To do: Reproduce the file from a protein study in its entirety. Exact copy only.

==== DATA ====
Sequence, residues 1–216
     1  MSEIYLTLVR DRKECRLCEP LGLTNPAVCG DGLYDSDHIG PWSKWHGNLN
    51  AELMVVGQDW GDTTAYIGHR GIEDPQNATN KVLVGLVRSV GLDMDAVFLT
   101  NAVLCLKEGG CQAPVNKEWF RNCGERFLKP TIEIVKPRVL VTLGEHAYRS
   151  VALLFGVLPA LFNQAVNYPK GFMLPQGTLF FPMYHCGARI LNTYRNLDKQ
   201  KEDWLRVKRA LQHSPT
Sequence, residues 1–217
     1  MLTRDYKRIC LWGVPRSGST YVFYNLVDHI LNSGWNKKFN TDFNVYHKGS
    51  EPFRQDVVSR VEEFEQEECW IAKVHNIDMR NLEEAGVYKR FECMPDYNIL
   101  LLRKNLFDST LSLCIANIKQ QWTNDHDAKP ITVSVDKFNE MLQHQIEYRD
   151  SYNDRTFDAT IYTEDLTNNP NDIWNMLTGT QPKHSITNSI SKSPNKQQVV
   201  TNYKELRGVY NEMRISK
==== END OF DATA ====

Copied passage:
Sequence, residues 1–216
     1  MSEIYLTLVR DRKECRLCEP LGLTNPAVCG DGLYDSDHIG PWSKWHGNLN
    51  AELMVVGQDW GDTTAYIGHR GIEDPQNATN KVLVGLVRSV GLDMDAVFLT
   101  NAVLCLKEGG CQAPVNKEWF RNCGERFLKP TIEIVKPRVL VTLGEHAYRS
   151  VALLFGVLPA LFNQAVNYPK GFMLPQGTLF FPMYHCGARI LNTYRNLDKQ
   201  KEDWLRVKRA LQHSPT
Sequence, residues 1–217
     1  MLTRDYKRIC LWGVPRSGST YVFYNLVDHI LNSGWNKKFN TDFNVYHKGS
    51  EPFRQDVVSR VEEFEQEECW IAKVHNIDMR NLEEAGVYKR FECMPDYNIL
   101  LLRKNLFDST LSLCIANIKQ QWTNDHDAKP ITVSVDKFNE MLQHQIEYRD
   151  SYNDRTFDAT IYTEDLTNNP NDIWNMLTGT QPKHSITNSI SKSPNKQQVV
   201  TNYKELRGVY NEMRISK